As much of the content is something I have already read on the web, even many of the ads, I wondered, why bother?

When The Printer first began there wasn’t an awful lot of print resources out there. So it had significant value. For the most part it was a compilation of other print sources, though usually compiled without permission. Michael did not believe in copyright protection. I personally know of an incident where he barely escaped getting his clock cleaned by the skin of his teeth. He actually believed he was doing no harm.

With increased use of the web for communication, Michael began to switch over to the easier target (letterpress forums) Unfortunately, increased use of the web also meant less interest in print media. And he never quite figured out a way of putting the newsletter up on the web in a way that would generate money for the effort.

I’m not sure if it is still a viable concern, but I was getting PDF sample copies of The Printer via email as of last year, as I recall.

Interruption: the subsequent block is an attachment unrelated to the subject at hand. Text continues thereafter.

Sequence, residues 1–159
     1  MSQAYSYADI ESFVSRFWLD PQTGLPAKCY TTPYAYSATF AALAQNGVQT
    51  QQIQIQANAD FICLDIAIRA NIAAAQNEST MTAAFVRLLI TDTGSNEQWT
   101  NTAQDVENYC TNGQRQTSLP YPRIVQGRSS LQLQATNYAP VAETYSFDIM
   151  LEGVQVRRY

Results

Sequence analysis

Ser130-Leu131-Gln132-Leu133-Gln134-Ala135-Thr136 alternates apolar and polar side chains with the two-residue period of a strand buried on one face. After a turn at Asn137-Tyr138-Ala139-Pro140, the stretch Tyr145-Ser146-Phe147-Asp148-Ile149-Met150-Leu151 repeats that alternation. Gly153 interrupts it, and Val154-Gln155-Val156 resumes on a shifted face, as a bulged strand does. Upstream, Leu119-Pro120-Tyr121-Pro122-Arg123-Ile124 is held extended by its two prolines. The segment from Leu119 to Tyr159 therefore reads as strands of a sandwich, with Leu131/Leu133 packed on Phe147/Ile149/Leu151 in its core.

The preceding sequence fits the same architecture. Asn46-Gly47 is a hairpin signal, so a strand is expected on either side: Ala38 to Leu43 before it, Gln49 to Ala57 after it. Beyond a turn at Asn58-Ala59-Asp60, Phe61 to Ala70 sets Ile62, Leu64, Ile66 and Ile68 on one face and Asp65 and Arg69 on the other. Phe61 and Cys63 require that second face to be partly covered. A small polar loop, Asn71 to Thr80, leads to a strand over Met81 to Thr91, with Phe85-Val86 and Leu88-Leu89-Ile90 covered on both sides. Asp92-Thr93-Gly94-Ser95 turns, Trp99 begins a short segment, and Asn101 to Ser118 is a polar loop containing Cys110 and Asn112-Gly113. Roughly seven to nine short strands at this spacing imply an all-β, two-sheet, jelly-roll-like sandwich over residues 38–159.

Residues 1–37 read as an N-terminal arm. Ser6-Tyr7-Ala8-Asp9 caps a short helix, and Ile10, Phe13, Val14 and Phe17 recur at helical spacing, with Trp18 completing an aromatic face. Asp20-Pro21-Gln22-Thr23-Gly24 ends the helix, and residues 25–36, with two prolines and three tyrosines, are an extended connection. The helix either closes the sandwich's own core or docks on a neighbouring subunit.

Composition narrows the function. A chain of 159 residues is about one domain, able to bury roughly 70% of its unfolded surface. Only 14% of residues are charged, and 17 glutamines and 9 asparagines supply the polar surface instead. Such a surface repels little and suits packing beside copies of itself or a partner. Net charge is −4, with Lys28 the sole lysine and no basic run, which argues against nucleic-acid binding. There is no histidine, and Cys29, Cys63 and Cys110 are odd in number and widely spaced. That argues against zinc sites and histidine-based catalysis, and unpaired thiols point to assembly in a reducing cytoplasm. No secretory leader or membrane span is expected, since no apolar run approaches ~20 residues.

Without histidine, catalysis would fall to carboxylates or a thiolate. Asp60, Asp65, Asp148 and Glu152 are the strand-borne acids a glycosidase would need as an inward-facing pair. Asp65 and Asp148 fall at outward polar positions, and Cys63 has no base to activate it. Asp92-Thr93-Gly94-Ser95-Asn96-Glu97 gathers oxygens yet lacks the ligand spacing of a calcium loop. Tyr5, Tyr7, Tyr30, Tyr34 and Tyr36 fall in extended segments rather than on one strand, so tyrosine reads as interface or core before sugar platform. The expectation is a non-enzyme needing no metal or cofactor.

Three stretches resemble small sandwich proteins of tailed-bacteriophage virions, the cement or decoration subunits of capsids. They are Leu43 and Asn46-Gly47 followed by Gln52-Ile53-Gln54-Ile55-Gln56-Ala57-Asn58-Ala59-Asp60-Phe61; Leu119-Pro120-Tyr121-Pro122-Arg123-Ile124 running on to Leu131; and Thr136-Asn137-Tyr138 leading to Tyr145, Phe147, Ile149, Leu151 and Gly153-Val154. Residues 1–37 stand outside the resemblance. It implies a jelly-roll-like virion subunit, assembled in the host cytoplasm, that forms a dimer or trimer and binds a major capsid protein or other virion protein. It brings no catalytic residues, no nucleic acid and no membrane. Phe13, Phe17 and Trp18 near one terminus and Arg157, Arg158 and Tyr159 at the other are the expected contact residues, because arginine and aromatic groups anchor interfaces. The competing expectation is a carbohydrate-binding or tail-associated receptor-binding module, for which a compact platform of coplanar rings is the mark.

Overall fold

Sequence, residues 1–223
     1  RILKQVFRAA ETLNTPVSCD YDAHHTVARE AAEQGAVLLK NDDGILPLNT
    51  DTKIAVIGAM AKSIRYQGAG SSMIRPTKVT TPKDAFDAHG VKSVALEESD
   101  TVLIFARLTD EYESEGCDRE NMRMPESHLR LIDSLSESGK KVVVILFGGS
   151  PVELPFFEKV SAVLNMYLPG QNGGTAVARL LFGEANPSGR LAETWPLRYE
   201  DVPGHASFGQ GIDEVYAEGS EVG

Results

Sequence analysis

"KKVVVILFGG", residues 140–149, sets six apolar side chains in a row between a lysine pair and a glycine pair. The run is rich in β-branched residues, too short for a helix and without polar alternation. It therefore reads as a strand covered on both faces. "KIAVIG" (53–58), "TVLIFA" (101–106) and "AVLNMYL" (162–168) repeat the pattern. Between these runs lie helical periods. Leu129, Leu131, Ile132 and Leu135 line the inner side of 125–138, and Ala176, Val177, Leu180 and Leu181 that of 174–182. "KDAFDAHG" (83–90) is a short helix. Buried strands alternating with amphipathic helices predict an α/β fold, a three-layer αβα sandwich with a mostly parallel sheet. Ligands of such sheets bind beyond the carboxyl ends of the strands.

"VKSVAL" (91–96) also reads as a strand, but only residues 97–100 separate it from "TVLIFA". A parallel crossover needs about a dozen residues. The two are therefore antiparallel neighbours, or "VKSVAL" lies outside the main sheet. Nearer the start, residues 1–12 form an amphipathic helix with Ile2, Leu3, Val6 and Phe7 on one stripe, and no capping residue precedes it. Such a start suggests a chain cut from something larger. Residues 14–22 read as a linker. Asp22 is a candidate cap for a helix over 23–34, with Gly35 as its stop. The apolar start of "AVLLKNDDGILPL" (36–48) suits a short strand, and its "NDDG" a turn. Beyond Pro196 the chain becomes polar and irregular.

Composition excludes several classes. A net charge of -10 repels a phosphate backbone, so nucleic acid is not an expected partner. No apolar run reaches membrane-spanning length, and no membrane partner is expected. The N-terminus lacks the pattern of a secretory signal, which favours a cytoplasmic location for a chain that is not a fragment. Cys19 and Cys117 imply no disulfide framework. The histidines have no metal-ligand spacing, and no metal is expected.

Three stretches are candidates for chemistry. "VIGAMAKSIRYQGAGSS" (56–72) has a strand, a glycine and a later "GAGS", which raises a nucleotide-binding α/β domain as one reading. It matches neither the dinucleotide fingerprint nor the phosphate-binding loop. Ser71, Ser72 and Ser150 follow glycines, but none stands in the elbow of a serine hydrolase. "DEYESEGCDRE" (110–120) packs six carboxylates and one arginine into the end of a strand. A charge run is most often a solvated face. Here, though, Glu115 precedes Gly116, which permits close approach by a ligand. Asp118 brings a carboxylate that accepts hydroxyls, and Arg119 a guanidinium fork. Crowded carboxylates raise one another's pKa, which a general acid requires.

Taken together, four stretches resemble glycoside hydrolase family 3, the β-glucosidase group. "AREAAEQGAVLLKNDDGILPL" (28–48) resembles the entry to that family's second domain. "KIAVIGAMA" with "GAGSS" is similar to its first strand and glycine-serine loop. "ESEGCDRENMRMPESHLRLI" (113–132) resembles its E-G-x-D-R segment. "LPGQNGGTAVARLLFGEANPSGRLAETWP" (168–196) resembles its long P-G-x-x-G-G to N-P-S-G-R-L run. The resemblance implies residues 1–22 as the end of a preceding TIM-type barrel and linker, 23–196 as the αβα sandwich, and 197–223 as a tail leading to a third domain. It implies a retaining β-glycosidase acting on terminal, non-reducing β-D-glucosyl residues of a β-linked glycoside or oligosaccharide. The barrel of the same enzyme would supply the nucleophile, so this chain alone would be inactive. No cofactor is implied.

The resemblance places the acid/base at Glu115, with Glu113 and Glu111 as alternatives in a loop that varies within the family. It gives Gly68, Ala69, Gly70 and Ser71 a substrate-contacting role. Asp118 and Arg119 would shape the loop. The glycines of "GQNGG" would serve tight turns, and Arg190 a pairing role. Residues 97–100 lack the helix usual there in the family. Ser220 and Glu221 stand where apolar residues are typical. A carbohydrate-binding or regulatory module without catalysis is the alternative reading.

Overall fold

Last couple years The Printer has cost more to produce than income. Internet is the instantnet. Instant news and free ads on numerous sites. One site has over 100,000 participants. Seems The Printer is redundant. Our savings have been trashed. We are not the sort to explain or complain. Our statement of mission was to help save items from being scrapped. Hundreds of ads have been sold and given gratis toward this end. Briar Press is one such digital site with the same mission and does very well with this mission. Obviously it is difficult to sell ads and subscriptions whilst the instantnet seems to have saturated eleven out of ten homes. News on the instantnet letterpress support groups serves letterpress well. Before these posts turn into a screw top whine and cheese event, we thought we would explain.
Mike Phillips

From a historical perspective, The Printer was a god-send. The entire development and growth of the post-letterpress period of the last several decades is laid out clearly in its pages.

Thank you for that Mike.


The internet drives a print publication dedicated to classic printing out of business.

It seems we live in the Irony Age.